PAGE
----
The Marine Corps, historically proud of its record and capacity for engaging in hostile local operations around the world going back to the late 1700s, was nonetheless bolstered in 1961 with the appointment of Major General Victor Krulak to fill a new post as Joint Chiefs’ Special Assistant for Counterinsurgency and Special Activities. The Air Force, too, established its First Air Commando Group in April 1961 and created its own Special Air Warfare Center at Eglin AFB, Florida in 1962. Not to be ignored, the Navy created the SEALs (Sea, Air, Land forces) in 1962, combat paratrooper frogmen who could do everything the Army’s Special Forces could do and more. The Seals first saw operational action in Vietnam as well. By the 1980s, SEAL Team 6, with nearly 200 men, a far larger number than the normal 16-man units, was created specifically as a highly trained counterterrorist force. And the other military branches continued to refine their “special” and “unconventional” components as well.

Emergence of Terror As the Pretext

In the 1960s the words “terror” and “counterterror” increasingly began to appear in Army field and training manuals, as their cooperative role with the CIA developed for shaping U.S. foreign policy, not just in Vietnam, but in places such as Guatemala and the Congo, among others. And when COINTELPRO first surfaced in 1971, and Congressional hearings had begun to disclose the 1960s infiltration by the Army–in association with the CIA, FBI and local police agencies–of domestic political movements, we discovered that our views and activities at home were also being “shaped.” The lines were blurring even more between the military, the CIA, and law enforcement functions.

Army Ranger units, wearing black berets, were re-established in 1974 in response to fears of international terrorism. Rangers were relatively small forces trained for special missions such as rescue of hostages. In sorting out confusion and competition among the various military units claiming special prowess for dealing with “terrorists,” President Carter rebuilt the Special Forces and Rangers as units to accomplish very narrowly defined tasks. The Army’s First Special Forces Operational Detachment, Delta, a secret unit for antiterrorist missions became operational at Fort Bragg in November 1977, competing with the counterterrorist Navy SEAL units as the best trained of the elite forces. The Delta force drew upon specially trained personnel from the other services, not just from Special Forces and Rangers. Their first mission, Operation Eagle Claw, launched in April 1980 to rescue the American hostages in revolutionary Iran, ended in tragic failure.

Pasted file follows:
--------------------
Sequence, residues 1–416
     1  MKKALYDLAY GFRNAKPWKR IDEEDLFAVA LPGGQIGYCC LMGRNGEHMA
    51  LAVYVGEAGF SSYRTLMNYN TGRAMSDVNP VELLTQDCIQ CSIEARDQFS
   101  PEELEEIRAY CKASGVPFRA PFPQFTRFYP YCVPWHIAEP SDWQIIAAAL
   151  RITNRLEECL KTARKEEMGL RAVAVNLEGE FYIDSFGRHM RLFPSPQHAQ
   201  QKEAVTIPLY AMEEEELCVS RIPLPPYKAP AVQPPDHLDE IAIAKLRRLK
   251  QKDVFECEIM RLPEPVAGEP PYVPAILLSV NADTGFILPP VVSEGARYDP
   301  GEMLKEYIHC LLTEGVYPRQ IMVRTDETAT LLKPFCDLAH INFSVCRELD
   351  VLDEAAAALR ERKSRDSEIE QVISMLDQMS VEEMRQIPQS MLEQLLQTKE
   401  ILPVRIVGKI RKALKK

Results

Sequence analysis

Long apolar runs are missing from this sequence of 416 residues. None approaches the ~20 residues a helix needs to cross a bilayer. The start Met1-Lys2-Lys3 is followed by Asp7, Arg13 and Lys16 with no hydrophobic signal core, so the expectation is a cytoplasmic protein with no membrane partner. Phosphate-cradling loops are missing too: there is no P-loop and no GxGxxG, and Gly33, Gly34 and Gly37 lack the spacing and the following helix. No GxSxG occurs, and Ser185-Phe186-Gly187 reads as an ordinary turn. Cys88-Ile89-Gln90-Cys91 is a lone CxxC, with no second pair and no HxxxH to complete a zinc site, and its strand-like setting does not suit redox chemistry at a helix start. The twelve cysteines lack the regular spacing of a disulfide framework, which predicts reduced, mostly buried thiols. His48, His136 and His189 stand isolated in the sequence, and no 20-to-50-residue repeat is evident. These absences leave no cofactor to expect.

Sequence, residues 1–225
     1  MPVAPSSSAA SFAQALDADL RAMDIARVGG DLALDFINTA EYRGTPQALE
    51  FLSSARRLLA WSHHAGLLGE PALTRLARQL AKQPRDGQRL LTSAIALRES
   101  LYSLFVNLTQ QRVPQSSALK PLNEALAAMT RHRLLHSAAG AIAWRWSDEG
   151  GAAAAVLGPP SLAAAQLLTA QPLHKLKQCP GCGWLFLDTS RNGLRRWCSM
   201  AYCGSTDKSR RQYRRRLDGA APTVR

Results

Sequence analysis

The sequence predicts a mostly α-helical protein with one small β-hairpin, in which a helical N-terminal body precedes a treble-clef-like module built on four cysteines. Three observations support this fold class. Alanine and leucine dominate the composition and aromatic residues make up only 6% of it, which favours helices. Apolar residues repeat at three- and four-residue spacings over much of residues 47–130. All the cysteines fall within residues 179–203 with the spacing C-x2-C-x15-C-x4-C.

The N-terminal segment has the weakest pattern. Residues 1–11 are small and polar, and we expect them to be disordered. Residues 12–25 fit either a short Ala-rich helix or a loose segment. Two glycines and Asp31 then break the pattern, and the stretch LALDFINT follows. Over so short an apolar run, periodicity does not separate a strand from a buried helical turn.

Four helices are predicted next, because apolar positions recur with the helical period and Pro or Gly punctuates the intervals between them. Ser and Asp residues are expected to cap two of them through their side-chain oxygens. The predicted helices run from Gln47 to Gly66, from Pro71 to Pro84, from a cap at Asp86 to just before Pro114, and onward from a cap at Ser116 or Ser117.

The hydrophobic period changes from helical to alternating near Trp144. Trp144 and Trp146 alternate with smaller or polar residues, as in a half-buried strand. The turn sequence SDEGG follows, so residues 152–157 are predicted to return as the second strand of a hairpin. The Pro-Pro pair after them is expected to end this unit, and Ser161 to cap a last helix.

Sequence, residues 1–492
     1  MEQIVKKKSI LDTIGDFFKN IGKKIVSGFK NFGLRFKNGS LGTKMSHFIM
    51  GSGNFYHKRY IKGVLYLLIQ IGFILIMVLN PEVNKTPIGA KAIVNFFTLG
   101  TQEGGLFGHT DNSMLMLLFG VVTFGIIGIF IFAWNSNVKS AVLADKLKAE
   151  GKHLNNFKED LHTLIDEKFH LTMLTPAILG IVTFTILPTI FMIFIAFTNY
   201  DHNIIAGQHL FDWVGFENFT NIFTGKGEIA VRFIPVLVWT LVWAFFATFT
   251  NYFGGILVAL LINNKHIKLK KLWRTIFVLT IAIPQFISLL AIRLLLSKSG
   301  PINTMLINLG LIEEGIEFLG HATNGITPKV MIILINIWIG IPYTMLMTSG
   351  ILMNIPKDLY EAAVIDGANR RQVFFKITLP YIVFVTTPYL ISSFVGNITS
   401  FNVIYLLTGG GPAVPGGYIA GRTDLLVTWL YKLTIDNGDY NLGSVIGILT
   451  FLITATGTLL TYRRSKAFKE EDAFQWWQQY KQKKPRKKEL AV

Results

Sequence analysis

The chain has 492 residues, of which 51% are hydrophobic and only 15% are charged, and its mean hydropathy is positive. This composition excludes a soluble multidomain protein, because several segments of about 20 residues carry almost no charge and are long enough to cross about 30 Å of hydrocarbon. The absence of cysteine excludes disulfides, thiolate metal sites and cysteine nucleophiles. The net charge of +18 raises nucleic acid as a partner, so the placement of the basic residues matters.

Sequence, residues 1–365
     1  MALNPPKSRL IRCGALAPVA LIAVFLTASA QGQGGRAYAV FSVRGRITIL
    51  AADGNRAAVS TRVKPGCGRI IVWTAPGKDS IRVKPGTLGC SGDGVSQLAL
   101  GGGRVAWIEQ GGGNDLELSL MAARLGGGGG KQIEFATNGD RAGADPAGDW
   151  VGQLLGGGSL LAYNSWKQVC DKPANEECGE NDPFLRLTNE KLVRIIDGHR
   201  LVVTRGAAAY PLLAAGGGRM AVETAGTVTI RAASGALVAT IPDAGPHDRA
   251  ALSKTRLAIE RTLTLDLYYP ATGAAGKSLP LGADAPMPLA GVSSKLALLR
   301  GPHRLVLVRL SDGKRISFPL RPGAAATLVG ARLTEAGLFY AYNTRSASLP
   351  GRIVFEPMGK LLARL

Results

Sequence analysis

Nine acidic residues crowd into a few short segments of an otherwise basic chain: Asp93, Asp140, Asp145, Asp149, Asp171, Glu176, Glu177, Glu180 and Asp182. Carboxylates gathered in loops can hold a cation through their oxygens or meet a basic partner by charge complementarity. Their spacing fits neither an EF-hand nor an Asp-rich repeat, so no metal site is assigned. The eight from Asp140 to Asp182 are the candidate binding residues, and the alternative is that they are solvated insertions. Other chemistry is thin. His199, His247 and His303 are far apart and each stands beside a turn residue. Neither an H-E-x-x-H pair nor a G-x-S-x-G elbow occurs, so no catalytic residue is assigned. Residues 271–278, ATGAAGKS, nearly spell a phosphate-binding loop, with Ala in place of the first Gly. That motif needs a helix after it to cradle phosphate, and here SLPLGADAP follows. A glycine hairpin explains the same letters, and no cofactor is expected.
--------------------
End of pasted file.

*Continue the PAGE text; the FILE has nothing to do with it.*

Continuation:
Reagan Presidency Intensifies Atmosphere For CounterTerror Forces

The Reagan Presidency revived with gusto the Cold War ideology following the futile attempt of the Carter Administration to place human rights in the forefront of foreign policy. The nation was still feeling stunned from our defeat in Vietnam. Angry about the success of revolutionary Iran and perceived threats to our security interests in the Middle East, the December 1979 Soviet invasion of Afghanistan (only six months after President Carter angered the Soviets by pouring aid to the opponents of the pro-Soviet regime in Kabul, the origins of the Mujahideen), and the “Communist” presence in Angola and Central America, the Reagan administration set out to reverse “Communist” and revolutionary advances, and re-establish the U.S. as the prevailing, God-fearing nation in the world as claimed by our delusional belief in “Manifest Destiny.”

In the heightened atmosphere of fear of global threats from “terrorists,” revolutionaries, and the new menace of “drug traffickers,” as well as “Communists,” to preservation of the consumptive American Way of Life (AWOL), i.e., to our “national security,” President Reagan formulated a number of secret policies granting expanded powers to the CIA, FBI, and the U.S. Armed Forces for countering threats both at home and from abroad. In December 1981, he signed Executive Order 12333, establishing operating procedures for the CIA, FBI, and other intelligence agencies, intending to restore to them the domestic surveillance and other powers enjoyed prior to Watergate-initiated reforms, while still prohibiting assassinations. This Executive Order authorized the infiltration, manipulation, and disruption of domestic organizations even in the absence of evidence of wrongdoing. It must be remembered that in the language of the National Security Act of 1947 that created the CIA, a huge loophole has enabled each and every President since to commit and direct heinous criminal activity in the name of “national security”: The CIA could “perform such other functions and duties…as the National Security Council may from time to time direct.” And please note again that as early as Vietnam various “special” military units worked closely with, often under the command of, the CIA in “eliminating” civilian leadership and organizations.